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How Does Hyperbaric Oxygen Therapy Help With Wound Healing?

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Hyperbaric oxygen therapy (HBOT) accelerates healing for various wound types via a chamber that delivers 100 percent medical grade oxygen, in a pressurized environment. 

This process increases the amount of oxygen carried by the blood, stimulating the growth of new blood vessels, reducing swelling, and providing an overall immune system boost. 

How Does HBOT Support Wound Healing?

Hyperbaric oxygen therapy (HBOT) helps wounds heal in several ways, all stemming from its ability to increase the amount of oxygen delivered to tissues.

1. Increased Oxygen Delivery:
  • During HBOT, pure oxygen is breathed in, in a pressurized chamber, which dissolves more oxygen into the blood plasma. This increases the amount of oxygen delivered to all tissues, including the wound site.
  • Wounds often suffer from oxygen deprivation due to damaged blood vessels or swelling. This lack of oxygen impairs healing and can lead to tissue death.

2. Improved Blood Flow and Reduced Swelling:
  • The increased pressure in the chamber can also help reduce swelling around the wound, further improving blood flow and oxygen delivery.
  • Better blood flow brings essential nutrients and white blood cells to the wound, aiding in healing and fighting infection.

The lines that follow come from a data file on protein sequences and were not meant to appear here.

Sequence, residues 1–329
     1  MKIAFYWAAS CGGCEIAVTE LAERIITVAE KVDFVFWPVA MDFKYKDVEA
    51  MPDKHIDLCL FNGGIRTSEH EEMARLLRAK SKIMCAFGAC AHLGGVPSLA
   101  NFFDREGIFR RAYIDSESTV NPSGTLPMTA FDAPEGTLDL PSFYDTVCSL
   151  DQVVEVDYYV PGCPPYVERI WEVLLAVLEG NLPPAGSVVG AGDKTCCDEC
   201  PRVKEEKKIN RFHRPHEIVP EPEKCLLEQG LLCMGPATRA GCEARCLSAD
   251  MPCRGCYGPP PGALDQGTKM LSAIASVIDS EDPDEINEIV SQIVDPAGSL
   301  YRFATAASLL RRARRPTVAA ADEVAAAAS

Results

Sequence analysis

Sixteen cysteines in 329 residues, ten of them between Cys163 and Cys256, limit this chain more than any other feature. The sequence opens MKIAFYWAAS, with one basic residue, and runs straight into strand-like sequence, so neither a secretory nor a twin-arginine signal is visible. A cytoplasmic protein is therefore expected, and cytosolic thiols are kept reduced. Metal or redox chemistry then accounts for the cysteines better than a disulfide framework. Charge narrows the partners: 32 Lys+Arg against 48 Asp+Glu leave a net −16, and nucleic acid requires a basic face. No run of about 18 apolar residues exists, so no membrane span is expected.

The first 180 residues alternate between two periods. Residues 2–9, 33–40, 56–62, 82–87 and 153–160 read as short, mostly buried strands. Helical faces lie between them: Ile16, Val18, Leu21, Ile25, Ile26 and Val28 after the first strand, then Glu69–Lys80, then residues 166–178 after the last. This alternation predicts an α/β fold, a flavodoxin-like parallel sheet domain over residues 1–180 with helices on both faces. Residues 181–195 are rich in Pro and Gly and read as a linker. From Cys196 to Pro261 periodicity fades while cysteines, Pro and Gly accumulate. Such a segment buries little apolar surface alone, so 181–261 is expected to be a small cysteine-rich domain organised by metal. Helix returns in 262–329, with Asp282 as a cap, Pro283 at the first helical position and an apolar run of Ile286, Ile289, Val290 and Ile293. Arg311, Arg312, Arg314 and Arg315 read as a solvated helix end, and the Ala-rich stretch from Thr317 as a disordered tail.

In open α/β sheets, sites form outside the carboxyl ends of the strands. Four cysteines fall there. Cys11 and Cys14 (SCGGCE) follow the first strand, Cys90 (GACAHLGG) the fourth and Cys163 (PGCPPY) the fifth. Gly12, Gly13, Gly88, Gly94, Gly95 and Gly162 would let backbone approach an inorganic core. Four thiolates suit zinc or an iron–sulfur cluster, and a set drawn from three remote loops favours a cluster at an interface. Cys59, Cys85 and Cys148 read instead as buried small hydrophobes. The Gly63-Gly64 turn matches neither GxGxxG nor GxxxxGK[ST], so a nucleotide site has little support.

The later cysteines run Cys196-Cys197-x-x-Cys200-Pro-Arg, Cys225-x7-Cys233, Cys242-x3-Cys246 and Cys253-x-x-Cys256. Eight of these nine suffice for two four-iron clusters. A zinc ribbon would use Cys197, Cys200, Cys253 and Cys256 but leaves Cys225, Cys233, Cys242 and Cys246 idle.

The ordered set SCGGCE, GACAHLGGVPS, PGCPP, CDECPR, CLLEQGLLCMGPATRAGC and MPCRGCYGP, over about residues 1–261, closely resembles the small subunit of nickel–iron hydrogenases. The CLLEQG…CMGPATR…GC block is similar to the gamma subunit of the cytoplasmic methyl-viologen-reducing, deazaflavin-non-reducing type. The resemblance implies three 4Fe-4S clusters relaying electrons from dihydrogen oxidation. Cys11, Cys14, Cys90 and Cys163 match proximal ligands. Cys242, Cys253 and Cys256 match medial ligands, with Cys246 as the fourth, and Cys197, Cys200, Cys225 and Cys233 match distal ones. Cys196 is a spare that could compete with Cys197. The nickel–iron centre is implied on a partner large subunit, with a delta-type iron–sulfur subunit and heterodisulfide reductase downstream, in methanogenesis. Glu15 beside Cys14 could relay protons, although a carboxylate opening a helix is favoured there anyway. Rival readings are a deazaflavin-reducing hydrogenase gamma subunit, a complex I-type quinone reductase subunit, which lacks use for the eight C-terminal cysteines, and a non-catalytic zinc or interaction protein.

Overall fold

3. Enhanced Growth Factors and Collagen Production:
  • HBOT stimulates the release of growth factors, which are chemical messengers that promote cell growth and tissue repair. This helps the body generate new skin cells and blood vessels, crucial for wound closure.
  • Additionally, HBOT encourages the production of collagen, a protein essential for building strong, healthy tissue.

4. Antibacterial Effects:
  • The high oxygen levels in HBOT can create an environment less hospitable for certain bacteria, potentially aiding in infection control and promoting healing.

Overall, HBOT creates a more favorable environment for wound healing by:
  • Boosting oxygen delivery
  • Improving blood flow
  • Stimulating growth factors and collagen production
  • Reducing infection

Angiogenesis & Wound Healing

Hear our National Medical Director, Dr. Alan Katz, explain the process of angiogenesis to help heal wounds.

Who Is a Good Candidate for HBOT for Wound Healing?